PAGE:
I went with good friends to experience the beautiful LUX HELSINKI event on a Sunday evening. This time the event was concentrated around the area of the Senate Square, the Market Square plus the Enso Gutzeit building, and some carefully chosen places in Kruununhaka, one of the oldest parts of our capital. This time the Helsinki Cathedral did not play the main role, but it also was a part of the installations. Here are some of the buildings facing the Market Square.
A few streets were closed from traffic, which of course created an unbelievable (for Helsinki) traffic jam elsewhere. For some reason, a great number of people still insist on coming to the heart of Helsinki by car – instead of using the existing excellent public transportation system. But: when many streets are closed – also and definitely because of security – the problem takes itself elsewhere. The same traffic jam reappeared on Monday as well.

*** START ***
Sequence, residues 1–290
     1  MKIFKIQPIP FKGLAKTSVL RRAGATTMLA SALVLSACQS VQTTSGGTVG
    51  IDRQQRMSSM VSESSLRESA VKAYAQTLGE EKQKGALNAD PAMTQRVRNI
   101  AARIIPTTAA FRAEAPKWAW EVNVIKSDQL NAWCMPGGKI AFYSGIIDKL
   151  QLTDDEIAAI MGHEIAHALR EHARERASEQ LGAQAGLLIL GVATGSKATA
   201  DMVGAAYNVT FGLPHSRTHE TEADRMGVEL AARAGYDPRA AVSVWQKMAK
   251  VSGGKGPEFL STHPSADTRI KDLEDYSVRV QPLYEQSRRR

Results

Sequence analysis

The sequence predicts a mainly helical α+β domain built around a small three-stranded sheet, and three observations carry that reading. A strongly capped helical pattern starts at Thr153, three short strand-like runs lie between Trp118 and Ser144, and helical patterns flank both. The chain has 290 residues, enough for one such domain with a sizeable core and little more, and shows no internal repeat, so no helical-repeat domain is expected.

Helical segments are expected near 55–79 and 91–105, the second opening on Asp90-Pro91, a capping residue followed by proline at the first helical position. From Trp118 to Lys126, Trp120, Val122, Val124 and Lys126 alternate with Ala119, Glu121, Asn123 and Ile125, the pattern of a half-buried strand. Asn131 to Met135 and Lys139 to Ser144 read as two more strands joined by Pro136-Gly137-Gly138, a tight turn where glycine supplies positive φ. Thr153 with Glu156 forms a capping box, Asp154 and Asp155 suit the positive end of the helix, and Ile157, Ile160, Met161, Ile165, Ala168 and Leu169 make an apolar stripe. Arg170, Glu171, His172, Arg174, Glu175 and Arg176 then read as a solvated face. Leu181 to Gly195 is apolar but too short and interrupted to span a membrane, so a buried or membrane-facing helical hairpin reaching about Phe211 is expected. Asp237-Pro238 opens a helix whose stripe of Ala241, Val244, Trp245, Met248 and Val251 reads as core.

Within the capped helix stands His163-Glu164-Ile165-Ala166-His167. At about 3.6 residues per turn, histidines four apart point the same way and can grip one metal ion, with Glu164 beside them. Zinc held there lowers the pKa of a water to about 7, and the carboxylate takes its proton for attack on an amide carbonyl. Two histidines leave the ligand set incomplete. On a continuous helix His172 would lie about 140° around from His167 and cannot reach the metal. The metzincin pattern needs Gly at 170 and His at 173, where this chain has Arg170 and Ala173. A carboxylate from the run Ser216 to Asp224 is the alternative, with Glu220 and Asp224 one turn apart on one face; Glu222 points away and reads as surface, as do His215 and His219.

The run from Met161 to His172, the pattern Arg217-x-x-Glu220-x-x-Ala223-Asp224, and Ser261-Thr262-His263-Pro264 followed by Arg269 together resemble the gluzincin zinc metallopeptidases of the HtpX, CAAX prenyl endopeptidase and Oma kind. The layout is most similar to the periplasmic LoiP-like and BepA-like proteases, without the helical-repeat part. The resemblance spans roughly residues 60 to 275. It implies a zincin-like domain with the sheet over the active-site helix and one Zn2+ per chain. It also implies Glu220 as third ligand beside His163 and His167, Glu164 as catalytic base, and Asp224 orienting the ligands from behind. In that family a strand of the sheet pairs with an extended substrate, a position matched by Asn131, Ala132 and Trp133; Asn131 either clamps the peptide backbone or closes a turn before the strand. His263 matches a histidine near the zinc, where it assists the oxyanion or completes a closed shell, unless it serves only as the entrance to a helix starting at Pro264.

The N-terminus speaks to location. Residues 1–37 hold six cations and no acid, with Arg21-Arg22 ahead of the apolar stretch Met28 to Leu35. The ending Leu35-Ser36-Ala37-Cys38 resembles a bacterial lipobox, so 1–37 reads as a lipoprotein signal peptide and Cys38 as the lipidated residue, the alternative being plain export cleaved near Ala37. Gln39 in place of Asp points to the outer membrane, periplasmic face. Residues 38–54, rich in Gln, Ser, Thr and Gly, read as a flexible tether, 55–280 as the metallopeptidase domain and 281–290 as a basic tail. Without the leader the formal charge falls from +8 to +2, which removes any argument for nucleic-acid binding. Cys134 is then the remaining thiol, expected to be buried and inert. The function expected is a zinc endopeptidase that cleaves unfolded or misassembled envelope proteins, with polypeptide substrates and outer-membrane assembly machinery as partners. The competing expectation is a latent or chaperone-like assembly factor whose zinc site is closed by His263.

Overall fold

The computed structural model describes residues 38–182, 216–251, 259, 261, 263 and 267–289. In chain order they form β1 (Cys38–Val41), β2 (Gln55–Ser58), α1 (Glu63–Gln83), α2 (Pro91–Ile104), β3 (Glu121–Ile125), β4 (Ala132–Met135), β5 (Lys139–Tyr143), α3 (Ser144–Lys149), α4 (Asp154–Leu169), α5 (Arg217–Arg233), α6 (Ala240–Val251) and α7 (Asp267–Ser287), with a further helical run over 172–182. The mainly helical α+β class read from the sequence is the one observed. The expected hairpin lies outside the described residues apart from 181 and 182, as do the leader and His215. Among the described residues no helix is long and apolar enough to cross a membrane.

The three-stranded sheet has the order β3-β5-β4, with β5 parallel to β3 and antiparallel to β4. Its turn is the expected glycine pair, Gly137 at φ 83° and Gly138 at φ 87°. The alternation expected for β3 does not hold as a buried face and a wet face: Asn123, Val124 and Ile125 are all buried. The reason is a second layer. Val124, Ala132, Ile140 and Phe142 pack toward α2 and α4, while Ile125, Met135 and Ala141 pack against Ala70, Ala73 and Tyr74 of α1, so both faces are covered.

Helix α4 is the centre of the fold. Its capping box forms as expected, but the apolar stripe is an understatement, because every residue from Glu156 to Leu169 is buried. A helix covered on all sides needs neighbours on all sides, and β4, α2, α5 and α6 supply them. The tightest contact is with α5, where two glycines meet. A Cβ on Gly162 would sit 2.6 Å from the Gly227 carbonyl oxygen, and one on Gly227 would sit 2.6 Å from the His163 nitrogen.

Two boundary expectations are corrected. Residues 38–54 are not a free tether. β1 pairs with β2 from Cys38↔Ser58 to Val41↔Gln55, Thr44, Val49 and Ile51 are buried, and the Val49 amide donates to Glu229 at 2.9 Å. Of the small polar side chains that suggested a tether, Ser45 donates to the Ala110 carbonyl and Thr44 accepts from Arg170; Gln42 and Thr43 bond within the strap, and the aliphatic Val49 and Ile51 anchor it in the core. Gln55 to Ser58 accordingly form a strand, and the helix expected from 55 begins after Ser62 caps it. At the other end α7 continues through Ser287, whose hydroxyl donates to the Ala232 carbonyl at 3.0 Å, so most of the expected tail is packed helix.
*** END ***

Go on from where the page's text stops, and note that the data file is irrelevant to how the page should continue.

All in all, Helsinki is a highly walkable city – even without large pedestrian areas. Traffic noise here is a far cry from that in New York – or even in the main streets of a small capital like Tallinn. Walkability should in no case be confused with pedestrian streets only.
It was crowded, of course, but highly rewarding. Especially pleasant was to see the classical facade front of the North Esplanade. the beautiful video in front of the House of Nobility (main image) and the Singing (or rapping) house in the courtyard behind the City Hall.
This time also the courtyard of the former Imperial Canton School for orphan boys, now a part of the Helsinki University Human Sciences Campus, was taken into use for fantastic ligt installations. The buildings belong to the oeuvre of Carl Ludwig Engel and were built in 1820-30.
LUX HELSINKI is a beautiful gift from the city to all of us – but next year it ought to have some artwork in other parts of the small but enjoyable metropolis. Why not also go east, to Vuosaari, for example. One place could also be the Siltavuori Campus, because it can even beautifully be observed across the water /or ice) from Hakaniemi.
Images are not my best, but never mind. Next year, welcome to Helsinki at the beginning of January!